Abortion is a controversial topic because it deals with the issue of human life and death. There are no contemporary ethical issues so expressively charged and attractive to public, political, legal, and moral disagreement as those involving matters of life and death. Abortion is one such moral issue and one that has the ability not only to cause extreme and damaging divisions among citizens but violence as well. The main cause of controversy is that abortion is defined differently by those who do support it and those who reject it. This is important, in that it again raises questions concerning the supposed worth neutrality of so-called ‘objective’ ethical definitions and concepts and the extent to which these can be ethically approved (Stetson 34). Abortion is morally wrong and is not permissible because it kills a human being, violates human rights and is not approved by religion.
Pro-life advocates state as one in their beliefs an issue about the origin of life, while pro-choice people oppose the point of origin and are inclined to release the issue as not vital to their own position. Those people, who support a life position, agree with the question the bottom-line opinion that human life begins at conception. Above all, the issue of abortion affects women and their health. The decision to make an abortion is connected with emotional and psychological distress, but in some cases, it can be the only possible way out of family problems. “If we want poor women to make choices which might benefit the larger community then society needs to make choices which benefit poor communities” (Colker 49). Critics state that abortion is a traumatic event causing emotional suffering. Abortion is morally wrong because it terminates the life of individuals and can be seen as a killing of the individual (Kramlich 783).
Religious considerations are important for religious families believing in God’s providence and destiny. The pro-life opinion conceives of the individual woman as an extended personality. A woman is part of a set of equally beneficial duties that individuals have to each other (Stetson 23). The joys and traumas of childbirth are well known. Viewing pregnancy as the execution of beneficial duties to God requires stress on joy instead of pain. The Good Samaritan role, in a religious environment, rendering assistance beyond that which duty requires–underlines the painful nature of pregnancy. In both roles, the individual woman has no choice but to give birth to a child. The private figure of pro-choice gives way to the personality who merges self-interest with the interests of other people (Stetson 99). Against this, it might still be argued that the inconveniences and other mental, physical or social ills caused by an unwanted pregnancy are still not enough to excuse killing the fetus and violating his right to life. The demand not to kill the child becomes even more influential when it is supposed that there are ways possible for helping women to prevent the problems of unwanted pregnancies (Colker 49).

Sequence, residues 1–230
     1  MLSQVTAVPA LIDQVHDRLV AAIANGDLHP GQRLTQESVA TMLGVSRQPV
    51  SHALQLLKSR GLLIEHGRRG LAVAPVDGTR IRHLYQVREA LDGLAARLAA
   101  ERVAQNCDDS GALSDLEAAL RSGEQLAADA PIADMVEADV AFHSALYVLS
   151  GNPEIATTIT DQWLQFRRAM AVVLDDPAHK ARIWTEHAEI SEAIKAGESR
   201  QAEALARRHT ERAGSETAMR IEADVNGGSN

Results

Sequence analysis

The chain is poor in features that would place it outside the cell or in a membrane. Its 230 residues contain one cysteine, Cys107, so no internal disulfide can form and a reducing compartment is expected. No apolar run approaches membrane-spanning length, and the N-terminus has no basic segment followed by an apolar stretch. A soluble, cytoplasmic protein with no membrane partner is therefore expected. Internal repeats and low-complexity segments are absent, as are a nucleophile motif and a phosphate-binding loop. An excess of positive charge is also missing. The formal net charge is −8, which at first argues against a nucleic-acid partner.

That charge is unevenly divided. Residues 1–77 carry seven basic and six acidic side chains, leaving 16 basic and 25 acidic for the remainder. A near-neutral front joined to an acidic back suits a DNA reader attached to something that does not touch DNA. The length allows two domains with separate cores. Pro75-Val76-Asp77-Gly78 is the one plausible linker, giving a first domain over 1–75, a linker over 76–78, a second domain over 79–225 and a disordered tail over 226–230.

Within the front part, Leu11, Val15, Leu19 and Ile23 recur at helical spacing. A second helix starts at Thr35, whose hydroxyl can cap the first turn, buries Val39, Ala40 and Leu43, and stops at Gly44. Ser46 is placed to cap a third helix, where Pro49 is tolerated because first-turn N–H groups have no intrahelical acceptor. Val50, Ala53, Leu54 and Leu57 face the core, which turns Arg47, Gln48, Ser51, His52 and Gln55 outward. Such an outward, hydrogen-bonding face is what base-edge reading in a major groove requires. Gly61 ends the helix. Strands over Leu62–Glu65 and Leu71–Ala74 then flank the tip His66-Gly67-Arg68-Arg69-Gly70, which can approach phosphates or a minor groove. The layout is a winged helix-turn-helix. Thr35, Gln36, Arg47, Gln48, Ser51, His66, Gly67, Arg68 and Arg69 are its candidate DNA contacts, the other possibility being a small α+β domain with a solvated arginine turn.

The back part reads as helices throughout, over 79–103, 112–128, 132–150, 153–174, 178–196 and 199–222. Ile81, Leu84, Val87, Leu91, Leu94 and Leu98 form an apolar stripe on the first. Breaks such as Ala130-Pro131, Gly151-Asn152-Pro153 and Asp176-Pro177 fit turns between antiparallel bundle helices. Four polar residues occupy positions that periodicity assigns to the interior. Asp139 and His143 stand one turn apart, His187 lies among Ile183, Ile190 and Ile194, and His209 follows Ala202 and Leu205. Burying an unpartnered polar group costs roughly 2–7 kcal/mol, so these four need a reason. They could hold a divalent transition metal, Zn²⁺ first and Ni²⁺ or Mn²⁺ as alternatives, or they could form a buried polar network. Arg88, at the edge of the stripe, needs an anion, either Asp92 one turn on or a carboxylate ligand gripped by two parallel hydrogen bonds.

According to the conservative point of view, abortion is an absolute moral wrong, and consequently, abortion is a thing which should never be permitted under any conditions — not even in self-defense, such as cases where a continued pregnancy would almost surely result in the woman’s death. A common worry among conservative anti-abortionists is that, if abortion is permitted, then respect for the holiness of human life will be diminished, making it easier for human life to be taken in other conditions (Colker 49). The issues and facts typically raised against abortion here are almost always based on the sanctity-of-life principle (Stetson 92). Whether human beings do in fact have a natural right to life, and whether unborn children are in fact human beings, are matters of ongoing theoretical debate. There are numerous problems involved in characterizing and using precise principles of individuality. A fetus does not need to have characteristics described, and that it is possible that attributes given in principles are adequate for personhood, and might even meet the criteria as necessary principles for personhood (Kramlich 783). Given these principles, all that needs to be claimed to reveal that an entity (including n unborn child) is not a person is that any entity which fails to suit all of the criteria listed is not a person. In this case, abortion is morally wrong because it violates the rights of an individual and his freedom of choice. There are some facts that prove that abortion is the only possible decision for many women to avoid undesired pregnancy or health risks caused by pregnancy. Still, abortion should be considered an immoral act, but it is the only possible decision to save the happiness of a family and women’s health (Kramlich 783).
In sum, abortion is like no other issue in its ability to enlarge moral and ethical attitudes to human life. Abortion is morally wrong because it kills a human being, violates human rights, and is rejected by religion. From a personal standpoint, abortion is immoral. At the center of abortion, disputes is a religious issue, it was mentioned that many extended and poor families are not supported by the government and women have to make abortion to avoid financial burden and poverty. Still, abortion should be prohibited in a variety of circumstances.
Colker, Ruth. Abortion & Dialogue: Pro-Choice, Pro-Life, and American Law. Indiana University Press. Bloomington, IN. Publication Year: 2002.
Kramlich, M. The Abortion Debate Thirty Years Later: From Choice to Coercion. Fordham Urban Law Journal, 31 (2004), 783.
Stetson, D.M. Abortion Politics, Women’s Movements, and the Democratic State: A Comparative Study of State Feminism. Oxford University Press, 2004.